She’s certainly on to something, that’s for sure. A lot of things, actually: for one, I am a very determined person, and yet, I know deep down inside of me that I have not applied that determination toward resolving personal issues within myself. I know this is true. I know this about myself. She hit the nail right on the head. Ever since that relationship, I have been moving at a snail’s pace to get back into the level of determination I had before it. I’ve been able to get back into it academically, and professionally, but personally…that’s still pending. Not to wallow in the past, but that relationship did a number on me and left me so drained that I just had to shut off my personal determination for a while, just to survive. But maybe it’s time to turn it back on?

It’s funny how life works. The timing of this conversation couldn’t be more uncanny since it speaks rather directly to my recent anxiety about my upcoming birthday (which I vented about here). I think aside from the given stressful logistics about planning my own birthday (and a milestone birthday at that!), I find myself worried about these latent internal conflicts, which have been lurking beneath the surface of my daily life. Underneath it all, I know that there’s something keeping me exactly where I have been for the last few years, and from…letting go of the baggage, freeing myself of the obligation to “own” it, and ultimately…from moving on, in a real way.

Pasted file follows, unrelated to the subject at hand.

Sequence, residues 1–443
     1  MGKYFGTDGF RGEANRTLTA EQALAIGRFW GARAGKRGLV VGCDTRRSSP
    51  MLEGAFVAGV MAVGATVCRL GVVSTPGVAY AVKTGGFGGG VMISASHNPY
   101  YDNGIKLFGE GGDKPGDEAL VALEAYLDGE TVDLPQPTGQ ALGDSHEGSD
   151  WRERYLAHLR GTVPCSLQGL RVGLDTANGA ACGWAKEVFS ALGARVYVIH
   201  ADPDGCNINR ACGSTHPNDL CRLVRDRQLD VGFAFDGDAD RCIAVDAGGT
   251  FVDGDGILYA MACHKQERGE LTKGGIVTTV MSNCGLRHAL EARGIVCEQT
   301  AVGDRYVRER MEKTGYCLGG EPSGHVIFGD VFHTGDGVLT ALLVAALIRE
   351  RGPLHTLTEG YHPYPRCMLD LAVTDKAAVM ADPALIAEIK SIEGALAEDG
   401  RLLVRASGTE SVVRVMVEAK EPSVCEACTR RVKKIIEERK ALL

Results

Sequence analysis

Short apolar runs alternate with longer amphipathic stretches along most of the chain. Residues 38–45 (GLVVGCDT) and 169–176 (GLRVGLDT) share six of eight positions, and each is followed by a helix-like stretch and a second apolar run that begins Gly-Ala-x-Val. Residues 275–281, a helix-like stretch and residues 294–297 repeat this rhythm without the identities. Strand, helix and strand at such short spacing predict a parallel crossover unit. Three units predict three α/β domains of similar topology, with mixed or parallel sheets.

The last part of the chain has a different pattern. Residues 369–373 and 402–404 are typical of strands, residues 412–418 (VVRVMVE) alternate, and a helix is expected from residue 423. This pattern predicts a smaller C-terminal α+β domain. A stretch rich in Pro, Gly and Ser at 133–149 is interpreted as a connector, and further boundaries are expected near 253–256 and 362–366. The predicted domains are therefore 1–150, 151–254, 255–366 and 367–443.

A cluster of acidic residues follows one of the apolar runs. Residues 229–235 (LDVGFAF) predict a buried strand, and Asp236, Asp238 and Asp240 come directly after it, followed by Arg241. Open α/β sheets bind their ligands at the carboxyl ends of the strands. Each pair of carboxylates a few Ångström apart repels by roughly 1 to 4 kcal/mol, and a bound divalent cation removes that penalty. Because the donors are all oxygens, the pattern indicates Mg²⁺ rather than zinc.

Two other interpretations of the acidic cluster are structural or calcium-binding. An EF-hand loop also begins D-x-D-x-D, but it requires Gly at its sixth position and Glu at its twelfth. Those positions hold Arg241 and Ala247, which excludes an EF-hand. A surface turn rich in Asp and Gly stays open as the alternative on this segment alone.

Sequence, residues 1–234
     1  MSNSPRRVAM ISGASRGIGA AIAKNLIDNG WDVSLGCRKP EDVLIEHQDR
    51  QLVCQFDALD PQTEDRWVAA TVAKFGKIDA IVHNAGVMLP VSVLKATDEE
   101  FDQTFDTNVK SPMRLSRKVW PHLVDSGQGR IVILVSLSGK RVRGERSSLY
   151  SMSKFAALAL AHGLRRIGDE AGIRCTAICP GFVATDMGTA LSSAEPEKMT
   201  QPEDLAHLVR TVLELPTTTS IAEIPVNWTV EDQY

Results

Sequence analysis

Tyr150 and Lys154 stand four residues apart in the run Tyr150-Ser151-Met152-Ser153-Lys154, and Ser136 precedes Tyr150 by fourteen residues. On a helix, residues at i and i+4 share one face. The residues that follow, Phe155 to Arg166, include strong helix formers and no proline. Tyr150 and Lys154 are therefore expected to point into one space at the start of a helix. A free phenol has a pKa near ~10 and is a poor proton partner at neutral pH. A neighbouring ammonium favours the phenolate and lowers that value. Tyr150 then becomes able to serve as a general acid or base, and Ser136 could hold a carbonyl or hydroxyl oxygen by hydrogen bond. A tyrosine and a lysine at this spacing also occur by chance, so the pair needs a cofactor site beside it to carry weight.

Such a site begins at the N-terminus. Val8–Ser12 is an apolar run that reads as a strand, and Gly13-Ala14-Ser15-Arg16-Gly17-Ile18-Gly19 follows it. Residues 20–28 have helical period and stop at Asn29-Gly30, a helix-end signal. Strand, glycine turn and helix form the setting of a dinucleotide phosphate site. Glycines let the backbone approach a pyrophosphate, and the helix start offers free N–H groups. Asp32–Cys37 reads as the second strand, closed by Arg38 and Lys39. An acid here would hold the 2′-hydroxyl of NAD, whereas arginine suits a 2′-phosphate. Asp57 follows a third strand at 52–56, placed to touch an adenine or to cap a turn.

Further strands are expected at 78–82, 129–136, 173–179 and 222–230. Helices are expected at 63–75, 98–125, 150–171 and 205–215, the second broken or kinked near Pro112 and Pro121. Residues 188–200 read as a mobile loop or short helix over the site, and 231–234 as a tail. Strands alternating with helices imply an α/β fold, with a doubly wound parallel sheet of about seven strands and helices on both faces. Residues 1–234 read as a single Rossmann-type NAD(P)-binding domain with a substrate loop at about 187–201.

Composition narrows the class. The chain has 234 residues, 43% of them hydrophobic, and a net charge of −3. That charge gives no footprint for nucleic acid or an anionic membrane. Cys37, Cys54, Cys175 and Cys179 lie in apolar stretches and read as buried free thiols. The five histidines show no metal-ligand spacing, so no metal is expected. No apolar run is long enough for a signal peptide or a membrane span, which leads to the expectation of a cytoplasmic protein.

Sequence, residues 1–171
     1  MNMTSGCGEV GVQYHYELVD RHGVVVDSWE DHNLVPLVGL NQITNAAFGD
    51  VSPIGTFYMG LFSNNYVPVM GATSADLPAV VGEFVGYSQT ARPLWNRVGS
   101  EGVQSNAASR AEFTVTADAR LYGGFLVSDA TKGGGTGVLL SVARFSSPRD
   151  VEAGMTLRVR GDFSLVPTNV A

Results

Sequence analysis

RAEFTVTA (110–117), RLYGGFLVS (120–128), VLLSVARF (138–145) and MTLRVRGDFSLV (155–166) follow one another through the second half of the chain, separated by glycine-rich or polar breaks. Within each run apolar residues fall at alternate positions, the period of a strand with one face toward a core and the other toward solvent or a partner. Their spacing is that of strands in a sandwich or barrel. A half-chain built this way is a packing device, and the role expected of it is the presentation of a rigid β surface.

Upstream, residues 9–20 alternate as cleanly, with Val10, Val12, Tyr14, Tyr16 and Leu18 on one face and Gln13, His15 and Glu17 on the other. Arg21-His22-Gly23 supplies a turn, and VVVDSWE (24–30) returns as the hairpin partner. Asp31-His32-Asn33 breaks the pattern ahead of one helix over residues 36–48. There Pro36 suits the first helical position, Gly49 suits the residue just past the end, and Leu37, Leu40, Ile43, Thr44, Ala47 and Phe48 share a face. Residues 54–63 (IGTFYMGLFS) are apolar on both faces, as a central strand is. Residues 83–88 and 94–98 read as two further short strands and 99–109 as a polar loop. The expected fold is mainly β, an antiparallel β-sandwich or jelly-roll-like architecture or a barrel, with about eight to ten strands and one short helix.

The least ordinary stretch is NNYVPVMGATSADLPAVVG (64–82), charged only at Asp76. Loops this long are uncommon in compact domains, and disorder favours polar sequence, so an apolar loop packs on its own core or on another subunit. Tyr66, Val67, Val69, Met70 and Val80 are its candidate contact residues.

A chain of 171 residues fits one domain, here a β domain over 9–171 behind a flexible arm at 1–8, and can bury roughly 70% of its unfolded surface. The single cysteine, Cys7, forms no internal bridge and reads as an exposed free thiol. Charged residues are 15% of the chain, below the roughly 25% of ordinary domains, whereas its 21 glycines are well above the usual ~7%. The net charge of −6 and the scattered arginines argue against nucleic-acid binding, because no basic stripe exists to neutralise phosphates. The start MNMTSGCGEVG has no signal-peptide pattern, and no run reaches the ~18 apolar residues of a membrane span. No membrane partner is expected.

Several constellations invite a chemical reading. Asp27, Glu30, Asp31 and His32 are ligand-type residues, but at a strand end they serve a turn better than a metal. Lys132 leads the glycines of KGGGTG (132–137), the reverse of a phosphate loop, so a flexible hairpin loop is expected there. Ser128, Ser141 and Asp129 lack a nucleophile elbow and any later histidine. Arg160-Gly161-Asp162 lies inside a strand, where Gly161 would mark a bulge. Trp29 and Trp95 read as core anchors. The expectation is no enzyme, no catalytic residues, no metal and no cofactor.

It’s strange and frightening and fascinating to me how we, as human beings, can be so multi-faceted and live our lives on so many different levels and to widely varying degrees within each of those levels. I’ve noticed this quality in myself, and I see it in others as well. It’s really overwhelming…you can be totally functional and deeply aware and very knowledgeable about one aspect of your life and then completely blind and lost and unaware in another. For me, I see myself as fiercely driven to progress professionally, but as this conversation revealed, rather hesitant about my personal growth.

Does any of this make sense or do I sound like a complete lunatic? I’ve been mulling over this for a little over a day now and I feel like I’ve just reached the tip of the iceberg…

For me, there’s always more to mull. My brother recently pointed that out to me. “Why do you have this insatiable need to always learn something from every little experience in your life?” he asked over text, totally exasperated with me. It made me laugh. He has a point, too. I guess not everything needs mulling over, but…maybe in this case, there’s still more to come.

This isn’t over, homeslices. I’m sure I’ll have more to share about this, soon. Until then…here’s a picture of a cutie of a puppy named Prancer, who is the perfect antidote to a day’s worth of rather solemn ruminations…

heytherehomeslice-prancer
{Find more adorable afternoon pick-me-ups on the Waiting Dogs instagram}